The lowest mortgage interest rates since November did little to encourage people to refinance their home loans or take out a new loan to buy a home.
Total mortgage application volume rose just 0.1 percent, seasonally adjusted, last week from the previous week, according to the Mortgage Bankers Association. Volume was nearly 22 percent lower that a year ago.
A sharp drop in rates usually prompts homeowners to refinance, but those applications rose just 2 percent for the week and are still down 40 percent from the same week one year ago, when rates were lower. So many people have already refinanced at rock-bottom rates that the pool of potential applicants is shrinking.
The average contract interest rate for 30-year fixed-rate mortgages with conforming loan balances of $424,100 or less decreased to 4.12 percent, from 4.14 percent, with points remaining unchanged at 0.38, including the origination fee, for 80 percent loan-to-value ratio loans.
"Last week, mortgage rates dropped to their lowest level since the week of the November 2016 election as investors sought safety given the tense geopolitical environment, especially the concerns with respect to North Korea," said Mike Fratantoni, chief economist for the MBA.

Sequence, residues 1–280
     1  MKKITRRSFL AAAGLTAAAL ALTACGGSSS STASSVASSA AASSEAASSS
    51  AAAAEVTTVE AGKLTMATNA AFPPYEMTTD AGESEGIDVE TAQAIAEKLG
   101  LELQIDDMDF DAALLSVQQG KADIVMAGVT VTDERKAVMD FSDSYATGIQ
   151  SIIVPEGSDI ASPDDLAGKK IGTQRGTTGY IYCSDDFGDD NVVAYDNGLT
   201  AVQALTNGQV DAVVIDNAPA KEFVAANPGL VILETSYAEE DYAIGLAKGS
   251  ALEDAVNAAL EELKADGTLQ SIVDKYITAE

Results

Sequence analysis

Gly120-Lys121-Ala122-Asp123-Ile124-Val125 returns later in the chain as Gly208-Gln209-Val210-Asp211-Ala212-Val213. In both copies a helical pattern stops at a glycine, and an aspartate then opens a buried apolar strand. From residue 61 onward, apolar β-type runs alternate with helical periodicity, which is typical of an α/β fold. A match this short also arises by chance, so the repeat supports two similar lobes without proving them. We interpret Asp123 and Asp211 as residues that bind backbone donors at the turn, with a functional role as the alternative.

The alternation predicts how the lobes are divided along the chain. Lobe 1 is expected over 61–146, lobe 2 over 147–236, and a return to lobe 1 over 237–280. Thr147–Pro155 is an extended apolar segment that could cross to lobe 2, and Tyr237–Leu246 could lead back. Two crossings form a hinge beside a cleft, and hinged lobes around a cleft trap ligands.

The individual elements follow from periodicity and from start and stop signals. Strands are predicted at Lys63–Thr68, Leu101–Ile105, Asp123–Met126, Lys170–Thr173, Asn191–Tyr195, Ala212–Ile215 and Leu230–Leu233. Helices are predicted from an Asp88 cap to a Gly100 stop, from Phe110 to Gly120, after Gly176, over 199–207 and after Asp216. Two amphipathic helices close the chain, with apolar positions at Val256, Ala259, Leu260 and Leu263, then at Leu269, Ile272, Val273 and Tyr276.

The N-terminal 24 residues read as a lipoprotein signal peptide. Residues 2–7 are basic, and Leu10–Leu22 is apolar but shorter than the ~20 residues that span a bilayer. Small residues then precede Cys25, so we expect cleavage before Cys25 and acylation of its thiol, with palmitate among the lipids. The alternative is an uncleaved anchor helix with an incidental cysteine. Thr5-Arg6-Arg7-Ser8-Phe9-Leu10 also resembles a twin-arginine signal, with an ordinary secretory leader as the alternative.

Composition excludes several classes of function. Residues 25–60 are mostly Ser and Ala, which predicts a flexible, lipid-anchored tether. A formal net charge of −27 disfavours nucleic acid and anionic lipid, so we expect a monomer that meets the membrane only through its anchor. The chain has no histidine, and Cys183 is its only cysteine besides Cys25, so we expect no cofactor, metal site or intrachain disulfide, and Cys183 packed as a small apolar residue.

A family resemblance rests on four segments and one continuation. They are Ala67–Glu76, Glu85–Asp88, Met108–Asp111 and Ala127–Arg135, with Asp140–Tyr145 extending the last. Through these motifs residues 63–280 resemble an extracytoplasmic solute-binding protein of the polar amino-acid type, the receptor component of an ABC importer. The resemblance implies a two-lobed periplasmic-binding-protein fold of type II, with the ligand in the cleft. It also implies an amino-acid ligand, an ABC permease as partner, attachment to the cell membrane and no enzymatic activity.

Lower rates did nothing to spur homebuyers because the drop was not nearly enough to offset fast-rising home prices and a short supply of homes for sale. Mortgage applications to purchase a home fell 2 percent for the week but remain nearly 10 percent higher than a year ago.
One sign that buyers are struggling increasingly with high home prices is the jump in adjustable rate mortgage applications, which offer a lower interest rate. ARM volume now stands 13 percent higher than a year ago. In addition, FHA loan applications to purchase a home are only up 4 percent from a year ago. FHA loans are a favorite among young, first-time buyers with less money to put down on a home.
This week, the slide in interest rates came to a grinding halt after fears over North Korea subsided.
"Markets took solace in the absence of global nuclear war by buying stocks and selling bonds. Net selling pressure in bonds pushes rates higher," wrote Matthew Graham, chief operating officer at Mortgage News Daily.